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How Do Bees Make Honey?

Honey Production begins with the nectar-containing flower the bee visits and, with their tongues, sap it up and store it in the crop or “second stomach .”There is then a process that the nectar undergoes while in the crop, which involves it getting broken down into simple sugars, preparing it for long-term storage.

Once the forager bee has returned to the hive, there are two ways the nectar can be transferred into storage. Either they will transfer it to honey pots located on the outside of the hive, where other bees can then retrieve it, or they will transfer it directly into the crop of the processor worker bee. Finally, the nectar is regurgitated into a honeycomb, where it will be stored for future use.

The worker bees will then fan the nectar in the honeycomb by beating their wings, resulting in the excess water and moisture evaporating out of the nectar. Following the water evaporating from the honeycomb, the worker bee will use beeswax, excreted from their abdomen, to seal the comb. Once the honey is properly sealed inside the comb, it can be retrieved whenever needed.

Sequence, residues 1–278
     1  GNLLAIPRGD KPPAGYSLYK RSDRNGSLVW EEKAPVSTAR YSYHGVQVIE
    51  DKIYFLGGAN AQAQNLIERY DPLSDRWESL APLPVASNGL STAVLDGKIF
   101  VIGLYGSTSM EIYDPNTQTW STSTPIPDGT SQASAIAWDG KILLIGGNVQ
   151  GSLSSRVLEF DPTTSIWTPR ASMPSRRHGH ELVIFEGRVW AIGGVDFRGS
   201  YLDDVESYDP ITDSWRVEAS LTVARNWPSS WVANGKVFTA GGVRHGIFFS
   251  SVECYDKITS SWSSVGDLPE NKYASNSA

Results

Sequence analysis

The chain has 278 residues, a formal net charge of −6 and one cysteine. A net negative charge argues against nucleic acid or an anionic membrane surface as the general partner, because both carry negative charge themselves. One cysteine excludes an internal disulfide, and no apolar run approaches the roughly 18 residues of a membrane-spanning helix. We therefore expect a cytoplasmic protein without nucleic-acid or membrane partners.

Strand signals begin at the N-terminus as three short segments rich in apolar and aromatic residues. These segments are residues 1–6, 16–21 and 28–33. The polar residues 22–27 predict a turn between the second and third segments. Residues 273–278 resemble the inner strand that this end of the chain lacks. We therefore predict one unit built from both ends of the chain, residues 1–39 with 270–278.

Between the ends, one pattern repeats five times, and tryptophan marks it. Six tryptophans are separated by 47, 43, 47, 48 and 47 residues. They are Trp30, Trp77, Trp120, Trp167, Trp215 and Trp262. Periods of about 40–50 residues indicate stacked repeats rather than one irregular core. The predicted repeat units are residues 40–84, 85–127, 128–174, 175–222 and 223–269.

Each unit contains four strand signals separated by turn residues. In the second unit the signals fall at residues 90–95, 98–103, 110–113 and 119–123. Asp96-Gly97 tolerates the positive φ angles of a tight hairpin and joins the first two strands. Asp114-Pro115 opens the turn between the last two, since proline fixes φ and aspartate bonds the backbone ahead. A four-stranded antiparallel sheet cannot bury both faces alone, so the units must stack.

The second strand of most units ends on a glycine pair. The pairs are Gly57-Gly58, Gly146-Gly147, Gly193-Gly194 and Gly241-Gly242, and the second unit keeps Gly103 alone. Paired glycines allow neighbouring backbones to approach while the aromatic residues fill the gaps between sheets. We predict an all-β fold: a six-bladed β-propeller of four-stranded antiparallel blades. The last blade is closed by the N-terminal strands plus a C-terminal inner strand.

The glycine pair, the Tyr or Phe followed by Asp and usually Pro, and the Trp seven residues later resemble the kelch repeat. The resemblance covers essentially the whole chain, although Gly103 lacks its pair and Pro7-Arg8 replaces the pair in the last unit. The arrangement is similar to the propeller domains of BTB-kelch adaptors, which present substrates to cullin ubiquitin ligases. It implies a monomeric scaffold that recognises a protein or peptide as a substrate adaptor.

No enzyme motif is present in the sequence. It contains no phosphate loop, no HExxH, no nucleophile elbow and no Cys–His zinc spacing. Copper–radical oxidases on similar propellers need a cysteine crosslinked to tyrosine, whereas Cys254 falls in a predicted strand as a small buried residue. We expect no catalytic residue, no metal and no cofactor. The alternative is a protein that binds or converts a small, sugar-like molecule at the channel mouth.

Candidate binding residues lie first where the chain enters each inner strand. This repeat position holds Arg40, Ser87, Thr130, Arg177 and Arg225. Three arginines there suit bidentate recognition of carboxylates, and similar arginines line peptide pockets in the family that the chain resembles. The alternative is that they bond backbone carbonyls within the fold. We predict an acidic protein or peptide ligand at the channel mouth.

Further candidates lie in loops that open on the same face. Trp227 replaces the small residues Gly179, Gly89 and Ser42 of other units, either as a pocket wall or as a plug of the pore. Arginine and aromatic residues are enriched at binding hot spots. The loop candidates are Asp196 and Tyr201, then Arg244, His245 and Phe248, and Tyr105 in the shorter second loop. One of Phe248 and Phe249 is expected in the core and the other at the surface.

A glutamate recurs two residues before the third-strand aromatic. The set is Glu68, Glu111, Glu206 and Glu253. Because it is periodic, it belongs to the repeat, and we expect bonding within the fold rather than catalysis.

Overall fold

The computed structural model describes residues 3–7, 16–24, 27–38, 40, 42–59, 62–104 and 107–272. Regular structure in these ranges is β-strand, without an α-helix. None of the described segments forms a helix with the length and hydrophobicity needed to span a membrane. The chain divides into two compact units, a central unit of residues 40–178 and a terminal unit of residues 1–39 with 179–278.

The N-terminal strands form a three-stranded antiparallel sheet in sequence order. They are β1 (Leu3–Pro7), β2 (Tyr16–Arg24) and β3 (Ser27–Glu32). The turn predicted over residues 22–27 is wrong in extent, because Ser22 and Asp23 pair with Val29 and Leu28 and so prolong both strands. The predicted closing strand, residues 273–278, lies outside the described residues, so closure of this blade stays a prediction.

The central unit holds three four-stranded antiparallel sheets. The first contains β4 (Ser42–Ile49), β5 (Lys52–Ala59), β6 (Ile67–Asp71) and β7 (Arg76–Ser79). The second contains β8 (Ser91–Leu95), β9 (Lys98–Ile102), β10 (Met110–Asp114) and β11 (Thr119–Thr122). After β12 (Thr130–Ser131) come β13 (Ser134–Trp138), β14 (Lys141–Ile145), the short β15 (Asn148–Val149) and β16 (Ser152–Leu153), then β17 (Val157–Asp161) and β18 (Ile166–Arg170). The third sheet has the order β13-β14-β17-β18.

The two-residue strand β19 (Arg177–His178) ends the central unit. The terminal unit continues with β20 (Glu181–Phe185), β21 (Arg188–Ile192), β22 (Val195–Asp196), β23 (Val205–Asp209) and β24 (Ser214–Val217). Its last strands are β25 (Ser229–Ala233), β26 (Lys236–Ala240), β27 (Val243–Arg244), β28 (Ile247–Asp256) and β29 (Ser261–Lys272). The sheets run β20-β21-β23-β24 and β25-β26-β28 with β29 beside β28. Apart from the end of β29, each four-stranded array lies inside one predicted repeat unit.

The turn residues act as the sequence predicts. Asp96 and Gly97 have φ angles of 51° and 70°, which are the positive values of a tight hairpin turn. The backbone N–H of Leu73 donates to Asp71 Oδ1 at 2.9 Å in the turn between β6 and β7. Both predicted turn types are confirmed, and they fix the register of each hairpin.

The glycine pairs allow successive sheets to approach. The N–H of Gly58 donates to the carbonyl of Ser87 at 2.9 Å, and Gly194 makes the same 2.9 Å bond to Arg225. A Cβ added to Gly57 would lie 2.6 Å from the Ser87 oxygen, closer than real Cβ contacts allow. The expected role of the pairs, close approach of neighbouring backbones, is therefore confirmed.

Is It Wrong Of Humans To Take Honey From Bees?

In the wild, there is always the threat of predation and the likes of certain mammals, like the honey badger or even other insects, and certain bird-life will attempt and often succeed in stealing honey stores from the bees’ hive. At times this will mean devastation for the colony, but usually, when they are under attack, the worker bees will try to fend off predators to maintain the safety of the hive.

That is in the wild, where nature cannot be monitored or controlled; however, what about people taking honey from bees, especially since the bees work tirelessly to manufacture it? Surely bee farms are a cruel and unnatural way for bees to live? We have documented proof that humans and bees have had interactions for thousands of years, and people have loved honey for a long time.